Gold Mountain (Washington)

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Gold Mountain
Bremerton, WA navy yard from the water 01.jpg
Gold Mountain behind the Puget Sound Naval Shipyard in Bremerton
Highest point
Elevation1,761 feet (537 m)
Coordinates47°32′56″N 122°47′13″W / 47.54889°N 122.78694°W / 47.54889; -122.78694Coordinates: 47°32′56″N 122°47′13″W / 47.54889°N 122.78694°W / 47.54889; -122.78694
LocationKitsap County, Washington,
United States
Parent rangeBlue Hills
Topo mapUSGS Bremerton West

Gold Mountain is a 1,761-foot (537 m) summit in the Blue Hills on the Kitsap Peninsula of Washington state, in the United States' Pacific Northwest. It is the highest point on the Kitsap Peninsula and the highest point in Kitsap County, Washington,[1] and nearby 1,639-foot (500 m) Green Mountain is the second-highest point.[2]

The mountain lies partly on private land, partly in the City of Bremerton watershed inaccessible to the general public, and partly in the adjacent 6,000-acre (2,400 ha) Green Mountain State Forest which is open to hikers, horses, and on- and off-road vehicles.[2]

Most of the eastern half of Gold Mountain is in the city watershed, with the Union River reservoir at the foot. The summit itself is in a quarter quarter section exclave of the state forest, connected at a corner.[3] The summit is about 660 feet (200 m) outside the city limits, six miles (9.7 km) west of downtown Bremerton.[4]

Radio and television transmitters[edit]

The mountain summit has an antenna farm including transmitters for Kitsap Peninsula area emergency services,[5] as well as Seattle television and radio stations KCPQ (Fox 13),[6] KTBW and KYFQ. Since 1981, the Western Washington Repeater Association has operated an amateur radio repeater, call sign WW7RA, on the site,[7] with coverage throughout the Puget Sound region from Centralia to Bellingham.[8][9]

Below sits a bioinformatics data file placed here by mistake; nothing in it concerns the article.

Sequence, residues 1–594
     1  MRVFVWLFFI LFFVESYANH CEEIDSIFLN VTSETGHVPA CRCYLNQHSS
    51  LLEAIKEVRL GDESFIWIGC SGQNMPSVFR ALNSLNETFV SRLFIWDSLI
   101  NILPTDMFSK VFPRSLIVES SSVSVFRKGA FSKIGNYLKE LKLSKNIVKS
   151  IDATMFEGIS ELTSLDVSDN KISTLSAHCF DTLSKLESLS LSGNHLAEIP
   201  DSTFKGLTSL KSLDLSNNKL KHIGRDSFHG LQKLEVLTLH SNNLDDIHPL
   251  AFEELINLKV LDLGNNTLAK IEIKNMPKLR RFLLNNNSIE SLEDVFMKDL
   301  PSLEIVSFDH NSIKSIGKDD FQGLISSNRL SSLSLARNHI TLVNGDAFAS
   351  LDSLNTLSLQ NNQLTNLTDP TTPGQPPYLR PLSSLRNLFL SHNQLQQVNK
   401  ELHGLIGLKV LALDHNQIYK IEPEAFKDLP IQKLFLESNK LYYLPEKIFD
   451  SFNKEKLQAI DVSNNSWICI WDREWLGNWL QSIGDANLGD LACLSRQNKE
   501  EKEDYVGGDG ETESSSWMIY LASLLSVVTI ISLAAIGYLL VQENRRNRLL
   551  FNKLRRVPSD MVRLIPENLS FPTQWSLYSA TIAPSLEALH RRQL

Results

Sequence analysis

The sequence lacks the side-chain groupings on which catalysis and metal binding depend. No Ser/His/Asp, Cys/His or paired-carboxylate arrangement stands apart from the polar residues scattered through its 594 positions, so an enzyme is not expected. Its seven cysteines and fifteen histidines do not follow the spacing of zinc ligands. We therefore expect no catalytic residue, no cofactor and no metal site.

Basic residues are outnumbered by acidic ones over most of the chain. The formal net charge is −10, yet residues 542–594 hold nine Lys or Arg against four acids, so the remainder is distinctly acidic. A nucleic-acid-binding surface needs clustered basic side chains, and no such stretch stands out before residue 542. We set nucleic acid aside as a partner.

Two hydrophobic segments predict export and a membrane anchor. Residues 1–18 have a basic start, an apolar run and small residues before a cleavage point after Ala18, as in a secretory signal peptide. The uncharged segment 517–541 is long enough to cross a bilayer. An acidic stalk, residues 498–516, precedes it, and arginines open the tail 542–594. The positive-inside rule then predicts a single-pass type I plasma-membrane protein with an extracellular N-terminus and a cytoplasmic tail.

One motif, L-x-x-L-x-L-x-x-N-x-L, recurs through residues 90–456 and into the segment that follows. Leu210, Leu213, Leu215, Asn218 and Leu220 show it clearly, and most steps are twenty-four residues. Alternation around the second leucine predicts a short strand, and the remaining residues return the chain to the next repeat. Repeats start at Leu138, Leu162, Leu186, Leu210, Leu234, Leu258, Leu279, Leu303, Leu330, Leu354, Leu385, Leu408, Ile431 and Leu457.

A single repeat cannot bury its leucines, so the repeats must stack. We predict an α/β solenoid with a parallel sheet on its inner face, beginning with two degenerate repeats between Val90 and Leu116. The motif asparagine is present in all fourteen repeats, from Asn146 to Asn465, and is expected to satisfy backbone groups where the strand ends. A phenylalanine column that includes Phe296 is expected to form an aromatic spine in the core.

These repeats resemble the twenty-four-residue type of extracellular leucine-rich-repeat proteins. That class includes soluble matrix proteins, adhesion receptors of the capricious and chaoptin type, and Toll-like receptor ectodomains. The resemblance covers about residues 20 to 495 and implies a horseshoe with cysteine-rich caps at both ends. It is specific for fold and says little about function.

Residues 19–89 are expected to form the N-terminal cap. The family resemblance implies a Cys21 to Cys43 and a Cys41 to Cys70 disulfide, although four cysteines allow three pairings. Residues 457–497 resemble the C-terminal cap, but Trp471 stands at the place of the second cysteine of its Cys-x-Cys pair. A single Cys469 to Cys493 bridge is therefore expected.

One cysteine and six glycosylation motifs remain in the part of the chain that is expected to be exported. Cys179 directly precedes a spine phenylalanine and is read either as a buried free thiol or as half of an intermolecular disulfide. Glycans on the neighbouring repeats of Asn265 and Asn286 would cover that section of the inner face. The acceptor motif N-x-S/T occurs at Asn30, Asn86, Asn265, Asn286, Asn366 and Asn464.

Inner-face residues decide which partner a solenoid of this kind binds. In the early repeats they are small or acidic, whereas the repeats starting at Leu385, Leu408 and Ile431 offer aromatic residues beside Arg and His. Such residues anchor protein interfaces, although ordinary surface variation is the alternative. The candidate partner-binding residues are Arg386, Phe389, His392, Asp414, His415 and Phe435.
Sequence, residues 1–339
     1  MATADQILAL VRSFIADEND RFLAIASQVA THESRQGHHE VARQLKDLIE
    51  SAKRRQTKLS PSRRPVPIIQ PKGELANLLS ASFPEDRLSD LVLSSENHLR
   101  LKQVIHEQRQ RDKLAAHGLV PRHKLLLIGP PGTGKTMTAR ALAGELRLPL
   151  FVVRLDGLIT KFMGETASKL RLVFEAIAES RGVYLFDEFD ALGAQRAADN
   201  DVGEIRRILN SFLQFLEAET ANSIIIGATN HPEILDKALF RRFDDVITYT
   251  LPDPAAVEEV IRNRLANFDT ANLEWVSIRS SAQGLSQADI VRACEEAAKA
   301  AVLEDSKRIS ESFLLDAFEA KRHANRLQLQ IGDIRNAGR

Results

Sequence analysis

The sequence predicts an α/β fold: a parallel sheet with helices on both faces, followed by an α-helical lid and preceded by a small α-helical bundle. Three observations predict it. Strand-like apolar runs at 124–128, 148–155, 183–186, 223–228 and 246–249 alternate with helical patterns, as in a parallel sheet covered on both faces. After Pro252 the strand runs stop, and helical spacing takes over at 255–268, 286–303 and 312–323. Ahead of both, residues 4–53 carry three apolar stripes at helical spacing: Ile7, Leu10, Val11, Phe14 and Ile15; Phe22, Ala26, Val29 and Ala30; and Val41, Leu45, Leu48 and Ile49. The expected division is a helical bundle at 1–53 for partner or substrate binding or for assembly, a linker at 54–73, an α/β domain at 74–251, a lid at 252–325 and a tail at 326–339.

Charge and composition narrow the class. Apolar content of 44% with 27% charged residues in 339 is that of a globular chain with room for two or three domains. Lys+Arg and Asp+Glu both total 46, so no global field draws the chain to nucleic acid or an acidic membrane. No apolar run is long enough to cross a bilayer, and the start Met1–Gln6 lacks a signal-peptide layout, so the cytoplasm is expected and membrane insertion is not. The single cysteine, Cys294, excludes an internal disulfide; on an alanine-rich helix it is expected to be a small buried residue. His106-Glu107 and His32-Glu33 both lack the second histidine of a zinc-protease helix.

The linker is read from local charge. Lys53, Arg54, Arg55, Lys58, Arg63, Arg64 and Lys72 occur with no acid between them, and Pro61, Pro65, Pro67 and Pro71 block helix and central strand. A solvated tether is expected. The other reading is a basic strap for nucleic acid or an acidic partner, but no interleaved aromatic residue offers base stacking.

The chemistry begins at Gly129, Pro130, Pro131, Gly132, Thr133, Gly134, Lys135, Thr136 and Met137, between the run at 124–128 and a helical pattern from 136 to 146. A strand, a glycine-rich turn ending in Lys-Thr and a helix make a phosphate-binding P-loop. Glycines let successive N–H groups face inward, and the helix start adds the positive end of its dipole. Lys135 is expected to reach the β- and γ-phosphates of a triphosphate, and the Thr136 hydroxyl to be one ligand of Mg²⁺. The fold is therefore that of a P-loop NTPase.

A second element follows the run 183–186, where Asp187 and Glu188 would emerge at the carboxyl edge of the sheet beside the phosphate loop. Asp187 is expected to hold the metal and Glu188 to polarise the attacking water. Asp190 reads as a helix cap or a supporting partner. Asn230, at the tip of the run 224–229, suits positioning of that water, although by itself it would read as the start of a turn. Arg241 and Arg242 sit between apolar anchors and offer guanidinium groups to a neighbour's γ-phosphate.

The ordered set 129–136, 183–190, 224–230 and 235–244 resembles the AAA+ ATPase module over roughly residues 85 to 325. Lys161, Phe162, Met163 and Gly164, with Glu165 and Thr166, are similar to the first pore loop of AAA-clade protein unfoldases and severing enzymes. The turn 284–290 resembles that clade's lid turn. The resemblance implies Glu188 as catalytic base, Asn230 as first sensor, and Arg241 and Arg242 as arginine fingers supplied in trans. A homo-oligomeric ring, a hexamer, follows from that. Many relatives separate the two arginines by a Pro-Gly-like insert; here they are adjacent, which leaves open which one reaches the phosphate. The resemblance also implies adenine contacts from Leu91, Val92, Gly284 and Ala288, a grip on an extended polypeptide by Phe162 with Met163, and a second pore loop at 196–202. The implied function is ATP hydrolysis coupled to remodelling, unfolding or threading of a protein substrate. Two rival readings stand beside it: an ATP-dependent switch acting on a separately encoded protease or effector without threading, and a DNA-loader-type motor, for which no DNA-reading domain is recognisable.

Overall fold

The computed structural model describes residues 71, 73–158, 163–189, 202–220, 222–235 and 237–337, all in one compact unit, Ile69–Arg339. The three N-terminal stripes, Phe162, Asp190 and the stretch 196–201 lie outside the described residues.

A Continuously Operating Reference Station used for GPS-based geodesy is located at the KTBW site on the summit.[10]


  1. ^ "Kitsap county". Lakes of Washington, Volume 1: Water Supply Bulletin 14 (PDF). Washington State Department of Ecology. 1973. p. 203.
  2. ^ a b Andrew Weber, Bryce Stevens (2010), 60 Hikes Within 60 Miles: Seattle: Including Bellevue, Everett, and Tacoma, Menasha Ridge Press, p. 176, ISBN 9780897328128CS1 maint: Uses authors parameter (link)
  3. ^ Green Mountain State Forest trail system map (PDF), Washington Department of Natural Resources, 2009, retrieved 2012-02-17
  4. ^ Bremerton city limits map, City of Bremerton Public Records & Information Center, archived from the original on 2014-10-11, retrieved 2014-09-28
  5. ^ "Outage Hits Kitsap County", The Seattle Times, June 30, 1995
  6. ^ About us, Fox13 (KCPQ), retrieved 2013-02-17
  7. ^ WWRA history (PDF), Western Washington Repeater Association, February 6, 2008, retrieved 2012-02-17
  8. ^ WW7RA propagation map, K5EHX amateur (ham) radio repeater database, retrieved 2013-02-17
  9. ^ Peter Policani, K7PP, THE NEW K7PP REPEATER NETWORK
  10. ^ Pacific Northwest Geodetic Array—Gold Hill (sic) Kitsap, Central Washington University geology department, retrieved 2013-02-17

External links[edit]